## Using Power Query Editor

So far, you’ve seen how to extract the time duration from start and end time when your data is clean and organized.

However, if you’re importing a dataset from an external server or a project management software, the time entries might not be organized or formatted according to Excel.

ðŸ“’ **Read More**: The Complete Guide to Power Query

In such scenarios, you can first import the dataset to **Power Query Editor**, structure your data, transform it, extract the time durations you seek, and export a clean dataset to an Excel worksheet.

To import your dataset, go to the **Data** tab on Excel and click on the **Get Data** drop-down menu. It should be within the **Get & Transform Data** block.

Now, hover the cursor over the primary data source, like **From Database**, **From Azure**, etc.

An overflow menu will open. Now, you can select the actual database from options like, **From Oracle Database**, **From IBM Db2 Database**, and more.

In the current exercise, I exported the above dataset to **Power Query Editor** using the **From Table/Range** command in the **Get & Transform Data** commands block.

When you’re importing from the existing worksheet, click **OK** on the **Create Table** dialog box.

You should now see your dataset in **Power Query** as shown above. It’s like a **free-floating table** above the existing Excel worksheet. You won’t be able to interact with the source worksheet when Power Query is open.

Firstly, you should populate the names in the **Name** column for all the time entries. To do that, **right-click** on the **Name** column and hover the mouse cursor over the **Fill** menu in the context menu.

Select the **Down** option in the overflow menu that opens on the right.

Now, to get a column for the time duration, click on the **Clock Out** column header. Press the `Ctrl` key and then select the **Clock In** column header.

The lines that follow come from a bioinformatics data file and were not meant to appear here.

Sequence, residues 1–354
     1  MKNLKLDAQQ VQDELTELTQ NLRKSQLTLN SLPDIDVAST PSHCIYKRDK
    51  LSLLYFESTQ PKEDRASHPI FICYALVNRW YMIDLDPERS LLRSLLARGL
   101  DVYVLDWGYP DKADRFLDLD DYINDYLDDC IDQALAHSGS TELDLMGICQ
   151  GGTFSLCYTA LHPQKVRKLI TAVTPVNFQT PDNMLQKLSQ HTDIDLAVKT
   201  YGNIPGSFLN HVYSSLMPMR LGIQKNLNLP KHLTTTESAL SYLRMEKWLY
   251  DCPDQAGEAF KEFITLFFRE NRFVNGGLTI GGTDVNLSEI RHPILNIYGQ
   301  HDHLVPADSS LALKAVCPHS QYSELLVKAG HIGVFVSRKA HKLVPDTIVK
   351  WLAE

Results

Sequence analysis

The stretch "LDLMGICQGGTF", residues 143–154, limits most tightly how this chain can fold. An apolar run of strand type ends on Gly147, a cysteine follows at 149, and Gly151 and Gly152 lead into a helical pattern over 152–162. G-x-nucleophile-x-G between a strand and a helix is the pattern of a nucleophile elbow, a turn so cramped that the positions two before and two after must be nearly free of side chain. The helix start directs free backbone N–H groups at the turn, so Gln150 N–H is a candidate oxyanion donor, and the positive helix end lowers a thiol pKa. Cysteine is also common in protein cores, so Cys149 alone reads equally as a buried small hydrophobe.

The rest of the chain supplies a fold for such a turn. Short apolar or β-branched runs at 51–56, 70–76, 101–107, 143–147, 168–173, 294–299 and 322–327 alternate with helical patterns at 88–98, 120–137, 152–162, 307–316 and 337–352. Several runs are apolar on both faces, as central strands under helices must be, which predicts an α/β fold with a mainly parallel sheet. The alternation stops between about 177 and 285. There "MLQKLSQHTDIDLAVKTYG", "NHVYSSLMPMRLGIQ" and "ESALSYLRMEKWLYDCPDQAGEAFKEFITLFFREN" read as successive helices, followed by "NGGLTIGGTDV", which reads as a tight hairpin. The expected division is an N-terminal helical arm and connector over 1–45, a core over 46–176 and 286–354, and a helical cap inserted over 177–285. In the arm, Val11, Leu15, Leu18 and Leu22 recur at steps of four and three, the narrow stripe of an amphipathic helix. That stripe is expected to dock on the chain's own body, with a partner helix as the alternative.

Navigate to the **Add Column** tab. Click on the **Time** drop-down menu in the **From Date & Time** block. Choose **Subtract** from the context menu that opens.

The new **Subtraction** column header will be created. The values in this column are the duration values you’ve been looking for. The entries are in the `Days.Hours:Minutes:Seconds`

format.

You can rename the **Subtraction** column to **Time Duration** by **double-clicking** on the column header.

You can now export your Power Query table to an Excel worksheet if you don’t want any more modifications. Follow the steps from which I’ve explained the **Close & Load To** action below.

If you only need the hour values with decimal places, select the **Time Duration** column, and go to the **Duration** drop-down in the **From Date & Time** commands block of the **Add Column** tab.

Select the **Total Hours** option in the context menu. You should now only see the hour values. There might be multiple decimal places as well.

To minimize the decimals to just one digit after the integer, select the **Total Hours** column, go to the **Transform** tab on the top, and click on the **Rounding** drop-down menu in the **Number Column** commands block.

Click on the **Round** option. Type `1`

in the **Round dialog** and click **OK**.

The **Total Hours** column will now contain hour values with one decimal place.